The fourth lesson today comes from the letter of Mr Noddy Holder to Top of the Pops. The whole book.
And notice how many questions there are. From the enquiry about your Christmas traditions - are you hanging up a stocking? To the questions about the origins of Santa - does he ride a red-nosed reindeer? Does he turn up on his sleigh? Will the fairies keep him sober for a day? Then the worry about party - do you have guests? The room at the inn - will you have room for all your relatives? And the speculations about the weather - will it snow? And of course the treble pun - will you get Slade, sleighed or slayed?
We all sing songs at Christmas without noticing the lyrics.
So the trouble is that this problem - not listening to what we are actually singing ourselves - is true of some of our carols too. A parish priest, asked in the late eighteenth century by his congregation if they could possibly sing some carols at Christmas replied that they could, but should wait until he left.
Lowly cattle sheds? We don't know that. Jesus had a sweet head? The Bible is silent on the matter of the adorability of this baby. Christian children all should be, mild obedient, good as he? You're having a laugh now right? Whether it's holly or three ships, or jingling bells all, in Christian tradition, are contrived to draw attention to the main focus of this event. The mid-winter festival becomes, for those who want it to be, a celebration of the miracle that the man who saved the world was once a vulnerable child. To quote another song press-ganged into use as a Christmas metaphor - he's just a poor boy from a poor family.
So as we make our cribs today there may be some things in it that are surplus to the biblical records. In the film Love Actually there was a part in the nativity for a lobster. In one I attended recently the narration was done by a bat hanging from the rafters of the stable in Bethlehem.
We make a Christmas pudding of the story. We chuck everything in and mix it around and hope that what comes out will be tasty.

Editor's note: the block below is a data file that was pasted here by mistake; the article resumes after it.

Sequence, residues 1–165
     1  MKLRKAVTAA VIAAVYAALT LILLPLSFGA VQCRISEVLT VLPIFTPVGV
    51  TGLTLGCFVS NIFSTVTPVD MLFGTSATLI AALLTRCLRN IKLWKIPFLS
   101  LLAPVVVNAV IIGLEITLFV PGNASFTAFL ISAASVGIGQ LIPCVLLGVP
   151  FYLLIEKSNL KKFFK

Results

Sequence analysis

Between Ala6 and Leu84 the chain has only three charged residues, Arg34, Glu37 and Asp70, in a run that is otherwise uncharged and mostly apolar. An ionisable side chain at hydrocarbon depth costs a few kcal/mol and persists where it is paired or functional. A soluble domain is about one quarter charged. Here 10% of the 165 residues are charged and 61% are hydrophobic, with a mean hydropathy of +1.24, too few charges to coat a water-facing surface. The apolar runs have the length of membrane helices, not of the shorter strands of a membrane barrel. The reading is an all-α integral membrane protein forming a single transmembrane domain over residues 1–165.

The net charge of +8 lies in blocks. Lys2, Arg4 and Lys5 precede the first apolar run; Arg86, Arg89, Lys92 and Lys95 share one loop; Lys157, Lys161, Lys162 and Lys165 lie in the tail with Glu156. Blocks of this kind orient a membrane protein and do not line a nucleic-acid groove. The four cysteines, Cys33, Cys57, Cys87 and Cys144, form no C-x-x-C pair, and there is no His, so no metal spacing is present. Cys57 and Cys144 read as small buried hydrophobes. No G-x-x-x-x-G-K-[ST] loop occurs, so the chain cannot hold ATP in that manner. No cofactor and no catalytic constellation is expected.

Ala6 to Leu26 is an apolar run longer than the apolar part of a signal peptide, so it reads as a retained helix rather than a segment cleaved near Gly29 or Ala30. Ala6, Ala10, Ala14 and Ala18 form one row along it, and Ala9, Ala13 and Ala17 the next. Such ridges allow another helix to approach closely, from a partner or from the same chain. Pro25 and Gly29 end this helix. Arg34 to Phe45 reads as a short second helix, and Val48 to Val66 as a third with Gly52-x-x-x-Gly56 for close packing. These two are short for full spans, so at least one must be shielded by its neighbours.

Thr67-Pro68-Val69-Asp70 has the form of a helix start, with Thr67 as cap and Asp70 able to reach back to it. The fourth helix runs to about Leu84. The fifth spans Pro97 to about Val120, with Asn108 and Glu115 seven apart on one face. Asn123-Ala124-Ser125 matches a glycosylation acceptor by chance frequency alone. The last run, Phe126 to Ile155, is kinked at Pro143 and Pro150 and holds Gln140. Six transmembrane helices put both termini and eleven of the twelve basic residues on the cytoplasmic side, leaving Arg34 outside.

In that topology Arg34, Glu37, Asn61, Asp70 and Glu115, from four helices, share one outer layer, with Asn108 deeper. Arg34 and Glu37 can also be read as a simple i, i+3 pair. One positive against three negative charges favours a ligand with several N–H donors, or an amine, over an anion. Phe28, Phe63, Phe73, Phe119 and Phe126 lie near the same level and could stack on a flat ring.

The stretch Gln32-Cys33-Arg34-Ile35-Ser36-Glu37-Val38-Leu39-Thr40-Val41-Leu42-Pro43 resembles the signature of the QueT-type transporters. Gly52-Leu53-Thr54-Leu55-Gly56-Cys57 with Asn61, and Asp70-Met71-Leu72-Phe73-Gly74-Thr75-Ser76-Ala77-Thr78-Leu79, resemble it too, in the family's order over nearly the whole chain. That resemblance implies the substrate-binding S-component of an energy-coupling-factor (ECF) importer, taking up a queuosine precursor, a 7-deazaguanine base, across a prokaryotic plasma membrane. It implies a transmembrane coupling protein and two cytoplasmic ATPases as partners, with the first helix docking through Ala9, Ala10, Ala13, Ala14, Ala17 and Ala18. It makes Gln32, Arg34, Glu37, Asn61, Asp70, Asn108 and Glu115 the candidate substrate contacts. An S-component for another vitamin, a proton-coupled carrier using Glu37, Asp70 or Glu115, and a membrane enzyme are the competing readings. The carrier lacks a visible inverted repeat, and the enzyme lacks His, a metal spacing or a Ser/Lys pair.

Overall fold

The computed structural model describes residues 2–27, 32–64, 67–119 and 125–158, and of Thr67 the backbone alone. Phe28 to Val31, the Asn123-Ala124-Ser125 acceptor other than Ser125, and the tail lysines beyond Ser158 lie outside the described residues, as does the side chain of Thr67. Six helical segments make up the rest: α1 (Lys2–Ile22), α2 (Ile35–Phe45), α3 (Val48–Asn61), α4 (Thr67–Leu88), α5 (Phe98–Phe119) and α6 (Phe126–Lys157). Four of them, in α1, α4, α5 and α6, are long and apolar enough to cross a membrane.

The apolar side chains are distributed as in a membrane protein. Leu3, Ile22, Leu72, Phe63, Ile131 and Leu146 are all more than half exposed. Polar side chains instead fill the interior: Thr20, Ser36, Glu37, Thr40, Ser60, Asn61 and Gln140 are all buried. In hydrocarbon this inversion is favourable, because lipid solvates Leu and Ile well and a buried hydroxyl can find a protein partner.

Because the Christmas story is not reliant only on the early parts of Luke and Matthew's gospels for its sense. If you read them you will find they are quite thin on the ground.
What they are reliant on is the end of those and also Mark and John's gospels. For nobody would have remembered what the carols correctly describe as this 'humble birth' if it wasn't for the well-publicised events at the other end of Jesus' life. The carol that describes him as 'born to die' got it right - yet that is the lot of all of us from the moment of our birth. It is the gospel - literally a word that means 'good news' - message that Jesus who was born, lived, taught and died is still alive that is world-shattering.
It may shock you to know that we can have very little certainty in the events surrounding Jesus' birth as historical facts. This man was no ordinary man says the New Testament and so, working backwards, he was no ordinary teenager, no ordinary child, no ordinary baby, had no ordinary birth and had no ordinary mother and father. Some Catholic traditions take things back further even than that.
And we are not asked questions about that today. They are as unanswerable as Slade's questions about Santa. We are asked the question the carol says the shepherds asked. 'What can I give him?' 'Lamb' is the rather dull shepherd answer - it is a bit like getting socks off your aunty or me giving you copies of my books. One of my relatives used to give everyone a fridge thermometer for Christmas. He was the wealthy MD of a company that made them. Skinflint.
The carol says we have only one thing worth giving to the one who came, not necessarily down, from heaven. Our hearts.
Will you walk on with this small Christian community to Lent, Holy Week and Easter with your heart in your hands?
We may not like thinking about atrocities at Christmas although world events sometimes make us. We may not be up to it but God is down to it. Because, in the words of the prophet Noddy, the baby is going to get slayed.